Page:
SERGEANT HAROLD WILLIAM MASTON
4TH OCTOBER 1917 AGE 23
BURIED: TYNE COT CEMETERY, BELGIUM
Maston's inscription comes from John Travers Cornwall, a poem by John Oxenham, published in 1917 in his book The Vision Splendid. Oxenham, the pen name of William Arthur Dunkerley, was, as Connie Ruzich has persuasively argued, the most popular poet of the First World War. He was certainly extremely popular with families at home, the next-of-kin who chose the personal inscriptions. Maston's inscription comes from verse 3:
Britain be proud of such a son!
Deathless the fame that he has won
Only a boy, but such a one!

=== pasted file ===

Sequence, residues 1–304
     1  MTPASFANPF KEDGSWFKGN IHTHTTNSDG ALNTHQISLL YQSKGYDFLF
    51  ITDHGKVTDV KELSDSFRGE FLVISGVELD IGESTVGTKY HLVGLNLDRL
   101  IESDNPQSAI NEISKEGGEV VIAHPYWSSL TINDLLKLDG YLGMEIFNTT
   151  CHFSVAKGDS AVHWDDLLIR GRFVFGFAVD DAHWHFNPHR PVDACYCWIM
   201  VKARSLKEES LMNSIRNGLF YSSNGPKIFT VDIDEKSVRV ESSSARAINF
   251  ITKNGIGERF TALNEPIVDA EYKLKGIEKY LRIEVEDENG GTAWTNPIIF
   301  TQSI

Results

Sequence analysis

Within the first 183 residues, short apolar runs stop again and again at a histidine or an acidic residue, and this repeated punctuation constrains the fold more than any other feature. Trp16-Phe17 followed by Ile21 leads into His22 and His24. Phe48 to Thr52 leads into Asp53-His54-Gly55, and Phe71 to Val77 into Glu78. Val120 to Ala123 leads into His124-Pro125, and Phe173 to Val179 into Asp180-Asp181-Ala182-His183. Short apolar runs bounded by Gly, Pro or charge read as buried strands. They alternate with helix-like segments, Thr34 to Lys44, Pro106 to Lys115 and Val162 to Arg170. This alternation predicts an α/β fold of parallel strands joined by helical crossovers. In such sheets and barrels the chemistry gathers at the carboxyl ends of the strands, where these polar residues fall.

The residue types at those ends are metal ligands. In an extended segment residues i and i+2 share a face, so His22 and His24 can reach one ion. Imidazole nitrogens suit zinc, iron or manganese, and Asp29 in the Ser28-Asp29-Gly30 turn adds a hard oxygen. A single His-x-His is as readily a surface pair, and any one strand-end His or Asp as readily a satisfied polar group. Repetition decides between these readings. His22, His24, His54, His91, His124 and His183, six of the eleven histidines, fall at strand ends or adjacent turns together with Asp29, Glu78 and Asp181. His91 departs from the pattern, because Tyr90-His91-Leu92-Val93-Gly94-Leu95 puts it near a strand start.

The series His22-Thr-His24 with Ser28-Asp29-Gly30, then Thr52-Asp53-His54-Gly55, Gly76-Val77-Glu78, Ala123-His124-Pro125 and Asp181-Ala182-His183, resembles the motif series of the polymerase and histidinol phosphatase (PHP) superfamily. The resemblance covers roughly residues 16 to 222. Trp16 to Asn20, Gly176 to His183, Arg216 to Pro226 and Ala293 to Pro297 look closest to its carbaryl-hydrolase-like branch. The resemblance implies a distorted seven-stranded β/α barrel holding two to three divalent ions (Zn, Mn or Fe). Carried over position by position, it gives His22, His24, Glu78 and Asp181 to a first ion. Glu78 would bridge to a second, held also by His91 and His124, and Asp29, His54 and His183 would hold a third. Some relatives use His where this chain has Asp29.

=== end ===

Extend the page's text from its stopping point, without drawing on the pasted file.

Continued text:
Standing forever to his gun;
There was his duty to be done,
And he did it.
Fourteen-year-old Cornwall won the Victoria Cross at the Battle of Jutland by staying with his gun and awaiting orders whilst the rest of his gun crew were dead and, as Oxenham put it, 'mounded around him'.
Harold William Maston did not win a Victoria Cross but he had been awarded a Military Medal. This proved useful when it came to identifying ten soldiers found in unmarked graves on the old battlefield north of Ypres in March 1920. Three still had their identity discs but Maston could only be identified by his medal ribbon and his sergeant's chevrons. He had been killed in action in the attack on Broodseinde Ridge.
On Friday 7 March 1930 The Singleton Argus reported:
"Mr William Maston, a prominent Sydney businessman, died on Sunday while travelling to France to visit the grave of his son, Sergeant Harold Maston. The funeral took place at Aden on Tuesday."